Analysis of thermal desorption of hydrogen in metallic alloys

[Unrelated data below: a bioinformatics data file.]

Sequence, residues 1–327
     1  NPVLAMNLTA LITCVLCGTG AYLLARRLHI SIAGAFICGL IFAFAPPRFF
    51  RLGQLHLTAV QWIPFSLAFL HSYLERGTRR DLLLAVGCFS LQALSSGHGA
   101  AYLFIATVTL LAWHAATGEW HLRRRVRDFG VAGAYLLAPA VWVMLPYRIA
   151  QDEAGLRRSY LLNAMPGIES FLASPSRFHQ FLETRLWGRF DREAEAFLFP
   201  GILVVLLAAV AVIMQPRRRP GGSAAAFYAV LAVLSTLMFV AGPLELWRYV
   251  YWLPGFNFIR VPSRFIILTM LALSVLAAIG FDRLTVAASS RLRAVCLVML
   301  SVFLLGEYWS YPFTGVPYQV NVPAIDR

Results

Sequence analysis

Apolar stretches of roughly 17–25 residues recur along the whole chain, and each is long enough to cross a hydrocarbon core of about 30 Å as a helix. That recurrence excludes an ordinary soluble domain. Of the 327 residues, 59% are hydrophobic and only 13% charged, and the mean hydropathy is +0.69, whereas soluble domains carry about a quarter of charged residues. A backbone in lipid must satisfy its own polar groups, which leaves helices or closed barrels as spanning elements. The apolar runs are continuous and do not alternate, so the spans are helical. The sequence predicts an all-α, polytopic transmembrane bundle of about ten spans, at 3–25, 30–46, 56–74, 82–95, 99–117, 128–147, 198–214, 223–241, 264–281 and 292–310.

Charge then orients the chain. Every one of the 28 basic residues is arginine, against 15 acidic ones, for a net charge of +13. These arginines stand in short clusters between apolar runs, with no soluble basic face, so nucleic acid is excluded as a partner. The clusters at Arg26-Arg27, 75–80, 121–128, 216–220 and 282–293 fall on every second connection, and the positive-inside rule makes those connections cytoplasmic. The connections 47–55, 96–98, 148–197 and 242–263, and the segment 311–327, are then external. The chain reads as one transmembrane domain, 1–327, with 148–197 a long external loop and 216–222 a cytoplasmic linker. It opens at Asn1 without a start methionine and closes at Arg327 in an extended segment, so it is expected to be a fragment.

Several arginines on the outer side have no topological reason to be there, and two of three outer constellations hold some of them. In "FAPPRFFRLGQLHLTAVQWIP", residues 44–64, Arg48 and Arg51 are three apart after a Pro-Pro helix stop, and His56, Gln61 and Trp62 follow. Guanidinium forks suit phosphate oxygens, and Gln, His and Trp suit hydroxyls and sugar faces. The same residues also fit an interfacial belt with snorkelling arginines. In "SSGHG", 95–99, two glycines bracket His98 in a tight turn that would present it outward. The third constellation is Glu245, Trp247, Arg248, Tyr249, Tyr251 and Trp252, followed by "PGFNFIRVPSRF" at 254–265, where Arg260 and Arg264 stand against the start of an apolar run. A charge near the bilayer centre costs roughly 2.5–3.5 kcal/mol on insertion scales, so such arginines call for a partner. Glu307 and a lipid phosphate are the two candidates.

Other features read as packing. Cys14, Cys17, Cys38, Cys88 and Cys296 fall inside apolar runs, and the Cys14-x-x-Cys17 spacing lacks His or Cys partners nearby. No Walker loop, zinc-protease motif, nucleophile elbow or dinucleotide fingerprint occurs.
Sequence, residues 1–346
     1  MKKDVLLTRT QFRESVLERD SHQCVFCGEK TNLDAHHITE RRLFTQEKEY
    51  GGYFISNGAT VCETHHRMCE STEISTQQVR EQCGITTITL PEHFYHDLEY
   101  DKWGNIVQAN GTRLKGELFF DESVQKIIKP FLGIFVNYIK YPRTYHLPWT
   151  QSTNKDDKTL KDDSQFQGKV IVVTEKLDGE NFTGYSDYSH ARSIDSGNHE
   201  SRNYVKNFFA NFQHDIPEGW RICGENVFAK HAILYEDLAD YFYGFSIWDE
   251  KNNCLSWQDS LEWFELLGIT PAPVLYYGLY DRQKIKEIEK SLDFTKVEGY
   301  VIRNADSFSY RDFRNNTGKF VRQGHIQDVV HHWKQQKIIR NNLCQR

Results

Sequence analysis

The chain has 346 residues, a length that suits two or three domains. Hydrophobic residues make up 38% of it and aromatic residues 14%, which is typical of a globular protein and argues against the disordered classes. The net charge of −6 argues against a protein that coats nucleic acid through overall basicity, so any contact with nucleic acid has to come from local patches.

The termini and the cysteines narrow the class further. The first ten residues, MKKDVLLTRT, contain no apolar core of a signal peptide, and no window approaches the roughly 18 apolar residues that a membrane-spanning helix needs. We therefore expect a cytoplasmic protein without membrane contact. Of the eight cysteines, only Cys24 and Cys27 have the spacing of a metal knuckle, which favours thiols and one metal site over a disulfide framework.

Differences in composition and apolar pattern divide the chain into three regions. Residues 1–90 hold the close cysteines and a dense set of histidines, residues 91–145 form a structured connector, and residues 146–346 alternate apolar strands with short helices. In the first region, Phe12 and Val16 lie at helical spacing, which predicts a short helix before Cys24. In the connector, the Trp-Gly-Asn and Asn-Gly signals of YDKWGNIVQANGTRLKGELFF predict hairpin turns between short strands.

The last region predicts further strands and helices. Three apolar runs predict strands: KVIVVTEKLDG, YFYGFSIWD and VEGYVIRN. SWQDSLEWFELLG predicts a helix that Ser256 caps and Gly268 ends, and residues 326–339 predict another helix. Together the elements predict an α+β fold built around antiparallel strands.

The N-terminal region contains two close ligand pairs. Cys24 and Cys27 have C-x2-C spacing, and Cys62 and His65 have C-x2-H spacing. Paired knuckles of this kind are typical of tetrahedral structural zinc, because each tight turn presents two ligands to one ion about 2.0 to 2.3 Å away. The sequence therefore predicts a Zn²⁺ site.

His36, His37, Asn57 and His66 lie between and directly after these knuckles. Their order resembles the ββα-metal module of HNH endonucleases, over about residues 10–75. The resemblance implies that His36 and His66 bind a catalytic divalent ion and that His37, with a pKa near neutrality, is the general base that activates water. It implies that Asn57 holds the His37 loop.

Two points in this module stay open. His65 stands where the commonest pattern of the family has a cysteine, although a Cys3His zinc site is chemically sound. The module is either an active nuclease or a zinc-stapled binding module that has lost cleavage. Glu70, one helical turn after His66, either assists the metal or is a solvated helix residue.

The degree of embrittlement of metallic alloys is sensitive to the concentration of absorbed hydrogen, with hydrogen traps (particularly at grain boundaries) playing an important role. Thermal desorption spectrometry (TDS) is widely used to measure the detrapping and diffusion behaviour of hydrogen in metallic alloys. However, it is problematic to obtain a consistent interpretation of TDS data from the literature, due to the large number of material parameters that influence the measurement, and this results in a wide range of quoted values for trapping parameters such as the number of trap types, trap binding energies and trap densities. In this paper, the governing partial differential equation for hydrogen diffusion with sink and source terms for a single trap is formulated in non-dimensional form, assuming local equilibrium between the hydrogen atoms at the lattice sites and the trap sites. An asymptotic analysis reveals two distinct regimes of diffusion behaviour in TDS tests. Kissinger-type behaviour is expected in a TDS test for low heating rates on an alloy with a low lattice activation energy. Contour maps of maximum hydrogen flux and the corresponding temperature are plotted using axes of trap density and trap binding energy by making use of the full numerical solution (and asymptotic solutions). These maps serve as a useful tool for an accurate and simple determination of the trap binding energy as well as the trap density.